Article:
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Anticoagulants May Improve Biochemical Control of Prostate Cancer (ASTRO Annual Meeting)

Laino, Charlene

doi: 10.1097/01.COT.0000368000.25082.81

CHICAGO—The use of anticoagulants may improve the biochemical control of cancer in men undergoing radiation treatment for localized prostate cancer, a retrospective study suggests.

“We found that taking an anticoagulant lowers the risk of biochemical relapse by almost half,” said Kevin S. Choe, MD, PhD, Resident Physician in the Department of Radiation and Cellular Oncology at the University of Chicago, speaking here at the American Society for Radiation Oncology Annual Meeting. “The beneficial effect was most prominent in patients with the highest risk for distant metastases.”

The anticoagulants studied were warfarin, clopidogrel, and aspirin.

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May Limit Metastasis

Explaining the rationale for the study, Dr. Choe said, “There is mounting evidence in animal and tissue research that anticoagulants influence multiple cancer processes, including tumor growth, angiogenesis, and metastatic pathways.

“We think the most plausible path is by limiting metastases,” he said.

Alan Pollack, MD, PhD, Chair of Radiation Oncology at the University of Miami, agreed, telling OT that research suggests that the drugs may cause molecular changes that make cancer cells more sensitive to radiation. “If you give anticoagulants, you get better blood flow and maybe better oxidation, which is an intermediary step that is responsible for radiation's effectiveness,” he explained.

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Anticoagulants Improve Biochemical Control

The study involved 662 patients with prostate cancer who were treated with radiotherapy at the University of Chicago from 1988 to 2005. Of these men, 196 were taking aspirin, 58 were taking warfarin, and 24 were on clopidogrel. The other men were not taking any blood-thinning medication.

PSA testing was used to monitor biochemical relapse.

At four years, the rate of biochemical control was 91% in the group of prostate cancer patients receiving anticoagulants, compared with 78% in the group not taking the drugs.

Multivariate analysis that adjusted for other risk factors for recurrence showed that taking an anticoagulant was associated with a 46%, significant, lower risk of biochemical recurrence.

The drugs benefited men regardless of whether they received traditional external-beam radiation therapy or radioactive seed implants, Dr. Choe said. The study did not include men who received newer forms of radiation therapy, such as proton therapy.

The researchers did not analyze the three drugs separately.

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Subgroup Analyses

The proportion of patients with low-, intermediate-, and high-risk disease were 38%, 38%, and 25% respectively, according to National Comprehensive Cancer Network criteria.

When the researchers performed subgroup analyses, there was a trend towards an improvement in biochemical control in low- and intermediate-risk men taking anticoagulants, compared with their counterparts not taking the drugs, Dr. Choe said.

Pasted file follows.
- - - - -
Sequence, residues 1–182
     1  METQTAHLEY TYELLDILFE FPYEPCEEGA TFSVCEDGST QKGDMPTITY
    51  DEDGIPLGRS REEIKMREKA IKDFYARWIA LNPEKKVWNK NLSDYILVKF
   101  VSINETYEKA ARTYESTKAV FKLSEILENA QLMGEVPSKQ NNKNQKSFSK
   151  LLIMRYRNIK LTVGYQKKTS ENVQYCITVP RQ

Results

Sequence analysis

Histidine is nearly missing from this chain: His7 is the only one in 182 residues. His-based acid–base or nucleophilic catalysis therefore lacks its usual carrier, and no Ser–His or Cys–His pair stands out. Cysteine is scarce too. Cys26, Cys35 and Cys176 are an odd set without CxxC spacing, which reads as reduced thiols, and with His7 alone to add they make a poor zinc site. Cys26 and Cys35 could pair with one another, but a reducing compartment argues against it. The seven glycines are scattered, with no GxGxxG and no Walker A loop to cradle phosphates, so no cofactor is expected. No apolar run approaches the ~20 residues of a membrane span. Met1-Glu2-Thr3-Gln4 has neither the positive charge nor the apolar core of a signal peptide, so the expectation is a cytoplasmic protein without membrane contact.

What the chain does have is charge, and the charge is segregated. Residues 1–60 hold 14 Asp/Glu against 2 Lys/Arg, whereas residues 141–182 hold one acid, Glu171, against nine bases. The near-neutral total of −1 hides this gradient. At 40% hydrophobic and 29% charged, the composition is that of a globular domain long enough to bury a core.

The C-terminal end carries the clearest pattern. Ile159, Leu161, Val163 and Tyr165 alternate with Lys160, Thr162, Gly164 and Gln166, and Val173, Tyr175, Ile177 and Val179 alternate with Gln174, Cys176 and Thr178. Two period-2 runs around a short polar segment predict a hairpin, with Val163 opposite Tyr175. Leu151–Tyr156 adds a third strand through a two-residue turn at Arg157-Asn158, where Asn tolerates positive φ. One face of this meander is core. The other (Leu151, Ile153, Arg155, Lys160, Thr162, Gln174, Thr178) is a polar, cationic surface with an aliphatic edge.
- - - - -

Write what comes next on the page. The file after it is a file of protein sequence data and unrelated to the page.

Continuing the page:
However, freedom from biochemical failure was only significantly better in the high-risk men taking anticoagulants, he said. Their rate of biochemical control was 82%, compared with 58% for high-risk men not taking anticoagulants.

Use of anticoagulants was also associated with a reduced risk of developing distant metastasis, Dr. Choe reported: The four-year distant-metastasis rate was 1% in the group taking anticoagulants vs 5% in the group not taking the drugs.

“This adds to the mounting preclinical evidence that anticoagulants may inhibit a tumor's ability to spread,” he said.

“There are multiple randomized controlled trials looking at whether anticoagulants have an antineoplastic effect. Some were positive and some were negative, but almost all involved patients with end-stage disease. Since our hypothesis is that the drugs are affecting metastatic pathways, you wouldn't expect to see an effect in patients who already have metastatic disease.”

ALAN POLLACK, MD, PhD: “Research suggests that the drugs may cause molecular changes that make cancer cells more sensitive to radiation

ALAN POLLACK, MD, PhD: “Research suggests that the drugs may cause molecular changes that make cancer cells more sensitive to radiation

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More Prospective Data Needed

Dr. Choe cautioned that more prospective data are needed before it is possible to say with confidence that the benefits of anticoagulants outweigh the risk of toxicity.

Anticoagulants have risks of their own, chiefly internal bleeding, he noted. His own previous research showed that warfarin and clopidogrel increase the risk of rectal bleeding in men undergoing radiation treatment (Choe et al: Int J Radiat Oncol Biol Phys May 20, 2009. Epub ahead of print).

“We need more data before recommending that men undergoing radiotherapy consider taking anticoagulants. But those men with localized prostate cancer who already are on anticoagulants for cardiovascular disease may receive additional benefit if they have to undergo radiotherapy,” Dr. Choe said.

Dr. Pollack agreed that much more research is needed: “This is hypothesis-generating work, which is worthy of further study.”

© 2010 Lippincott Williams & Wilkins, Inc.
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